Journey of Hope (copy)

Fraternity men trek across the U.S. on bicycles during a previous year.

It's a long journey. But 30-year-old Journey of Hope's 3,745-mile cross-country trek by Pi Kappa Phi fraternity men is worth it.

"Members of my chapter last year described it as life-changing," San Diego native Andres Gomez said. "They also said it was really able to raise awareness. There was no way I could not be part of this."

He and more than 100 other men will bicycle about 75 miles daily beginning on various June dates to Saturday, Aug. 12, raising money for and bringing awareness to disabled people. The trek is organized by The Ability Experience. 

They aren't professionals. Gomez said he hadn't really bicycled before signing up for the event last year.

"I don't have a big history of riding my bicycle," Gomez said. "But we train as a team and are ready to take it on together."

To prepare, Gomez said he began riding more, and trekked up part of Flagstaff Mountain's 6,983-foot height. He also biked with fellow fraternity members at his University of Colorado, Boulder, chapter, he said, who are taking other journey routes. He's part of the 28-cyclist, seven crew member South team — starting in Long Beach on Thursday, June 15. There are North and TransAmerica routes beginning in San Francisco and Seattle, Wash., respectively. 

Additionally, he said he has friends at other universities who will be at the event's culmination in Washington, D.C. 

"It's a shared experience," Gomez said. "And to show more ability rather than disability."

No California State University, Long Beach, fraternity members are riding this year, according to South crew member Connor Riggs, but they are helping facilitate Long Beach events, such as providing lunch to members in town gearing up to start.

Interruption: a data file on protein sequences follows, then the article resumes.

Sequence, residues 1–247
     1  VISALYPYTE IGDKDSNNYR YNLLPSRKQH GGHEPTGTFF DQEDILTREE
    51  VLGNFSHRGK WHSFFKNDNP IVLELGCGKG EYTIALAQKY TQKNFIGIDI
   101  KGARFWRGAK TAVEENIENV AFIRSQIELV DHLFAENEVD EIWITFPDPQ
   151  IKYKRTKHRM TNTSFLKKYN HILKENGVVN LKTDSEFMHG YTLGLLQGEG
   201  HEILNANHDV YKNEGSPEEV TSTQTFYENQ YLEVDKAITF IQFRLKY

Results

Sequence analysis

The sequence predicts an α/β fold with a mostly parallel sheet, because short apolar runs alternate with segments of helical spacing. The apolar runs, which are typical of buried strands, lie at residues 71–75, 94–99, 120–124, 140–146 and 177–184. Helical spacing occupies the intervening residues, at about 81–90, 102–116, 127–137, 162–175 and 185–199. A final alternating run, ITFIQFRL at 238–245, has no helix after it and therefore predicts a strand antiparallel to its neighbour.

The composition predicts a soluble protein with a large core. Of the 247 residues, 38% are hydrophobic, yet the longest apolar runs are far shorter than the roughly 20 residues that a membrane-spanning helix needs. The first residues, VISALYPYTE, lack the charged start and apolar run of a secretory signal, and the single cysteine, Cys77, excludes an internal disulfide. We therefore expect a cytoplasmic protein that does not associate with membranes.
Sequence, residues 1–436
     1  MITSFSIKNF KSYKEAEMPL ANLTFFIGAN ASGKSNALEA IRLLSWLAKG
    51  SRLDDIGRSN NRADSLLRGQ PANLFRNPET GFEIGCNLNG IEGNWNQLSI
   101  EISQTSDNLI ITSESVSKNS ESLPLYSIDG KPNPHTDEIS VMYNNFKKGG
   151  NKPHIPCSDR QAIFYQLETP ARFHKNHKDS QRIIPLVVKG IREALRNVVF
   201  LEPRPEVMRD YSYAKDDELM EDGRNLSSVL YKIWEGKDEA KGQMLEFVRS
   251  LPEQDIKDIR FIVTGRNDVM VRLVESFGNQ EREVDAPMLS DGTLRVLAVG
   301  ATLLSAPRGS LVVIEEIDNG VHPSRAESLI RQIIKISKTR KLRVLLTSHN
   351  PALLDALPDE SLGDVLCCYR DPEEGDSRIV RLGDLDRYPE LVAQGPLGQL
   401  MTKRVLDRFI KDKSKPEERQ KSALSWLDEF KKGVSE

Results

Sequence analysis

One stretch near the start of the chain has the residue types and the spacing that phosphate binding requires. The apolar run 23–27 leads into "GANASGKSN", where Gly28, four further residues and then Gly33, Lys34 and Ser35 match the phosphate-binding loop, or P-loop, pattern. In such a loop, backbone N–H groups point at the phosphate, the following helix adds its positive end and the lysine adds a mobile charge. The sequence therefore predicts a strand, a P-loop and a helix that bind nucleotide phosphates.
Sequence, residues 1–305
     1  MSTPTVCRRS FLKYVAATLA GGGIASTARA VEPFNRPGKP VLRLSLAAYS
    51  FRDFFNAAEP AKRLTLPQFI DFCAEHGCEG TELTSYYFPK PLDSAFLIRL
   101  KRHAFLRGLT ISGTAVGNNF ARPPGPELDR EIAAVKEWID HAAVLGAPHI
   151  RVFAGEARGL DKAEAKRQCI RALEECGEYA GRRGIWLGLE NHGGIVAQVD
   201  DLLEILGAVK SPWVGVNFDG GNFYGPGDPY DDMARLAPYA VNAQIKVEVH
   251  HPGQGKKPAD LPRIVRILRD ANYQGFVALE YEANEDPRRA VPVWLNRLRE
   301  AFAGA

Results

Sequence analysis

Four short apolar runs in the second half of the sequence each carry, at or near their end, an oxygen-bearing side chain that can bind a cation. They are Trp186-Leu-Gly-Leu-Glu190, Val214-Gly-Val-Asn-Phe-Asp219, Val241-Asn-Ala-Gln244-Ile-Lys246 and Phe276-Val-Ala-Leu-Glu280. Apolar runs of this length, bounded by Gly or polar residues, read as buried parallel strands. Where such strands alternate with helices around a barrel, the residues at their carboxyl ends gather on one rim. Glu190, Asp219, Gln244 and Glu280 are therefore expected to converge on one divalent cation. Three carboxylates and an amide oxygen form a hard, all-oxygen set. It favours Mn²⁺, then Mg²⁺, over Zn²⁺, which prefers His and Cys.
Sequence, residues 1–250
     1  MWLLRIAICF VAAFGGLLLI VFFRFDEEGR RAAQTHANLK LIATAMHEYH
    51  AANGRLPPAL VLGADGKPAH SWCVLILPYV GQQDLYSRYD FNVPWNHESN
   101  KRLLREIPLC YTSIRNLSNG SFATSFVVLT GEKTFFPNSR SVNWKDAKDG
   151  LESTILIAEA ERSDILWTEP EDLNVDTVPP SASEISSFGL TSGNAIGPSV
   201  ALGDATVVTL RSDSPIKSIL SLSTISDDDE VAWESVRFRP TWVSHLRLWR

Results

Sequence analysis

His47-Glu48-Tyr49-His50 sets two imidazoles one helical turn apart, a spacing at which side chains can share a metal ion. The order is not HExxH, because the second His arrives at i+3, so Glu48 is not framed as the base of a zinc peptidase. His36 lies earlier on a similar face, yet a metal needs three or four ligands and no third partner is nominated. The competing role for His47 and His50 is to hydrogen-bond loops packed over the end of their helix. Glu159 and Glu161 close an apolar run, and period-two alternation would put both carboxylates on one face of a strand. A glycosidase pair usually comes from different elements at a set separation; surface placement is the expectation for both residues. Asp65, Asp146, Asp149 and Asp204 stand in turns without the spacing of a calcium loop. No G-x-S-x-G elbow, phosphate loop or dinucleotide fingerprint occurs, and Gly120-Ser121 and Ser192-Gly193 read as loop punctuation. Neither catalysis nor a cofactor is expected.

"It was one of the most life-changing experiences I've ever been through," CSULB chapter member and journey alum Brian Schwartz said. "It really opened my eyes and gave me friends for a lifetime."

As far as eye-opening, Schwartz said he saw what disabled people go through, such as getting from one place to another with the journey's Friendship Visits along the route. The visits are meant to develop community friendships with those they are raising money for. 

"They were some of the most happy people I've ever met in my life," Schwartz said. "It was inspiring to see what we (non-disabled) don't even think about."

Florida State University chapter member Chad Whitehead said his reason for riding was personal. 

"A couple of years ago, someone on my lacrosse team suffered a stroke," Whitehead said. "Before, he was an unbelievable athlete... Helping out and raising money is something I chose to do. Hopefully we'll raise a lot of money."

So far, the journey's website reports it's raised about $653,140 — above its $650,000 goal. Each rider has raised their own money and others have contributed. 

Whitehead said he raised about $9,000 so far and had no cycling experience before signing up.

"I was running and lifting like your average college student," Whitehead said. "But I've ridden over 1,300 miles since last summer and did a smaller trip similar to this in Florida."

But giving up his prior exercise routine was well worth it. 

"I saw the potential for this team," Whitehead said.

To donate or for more information, visit

Emily Thornton can be reached at

Emily is a staff writer covering higher education and other various topics for Gazette Newspapers. She has a background in weekly and daily newspapers and a bachelor’s in communication from La Sierra University.

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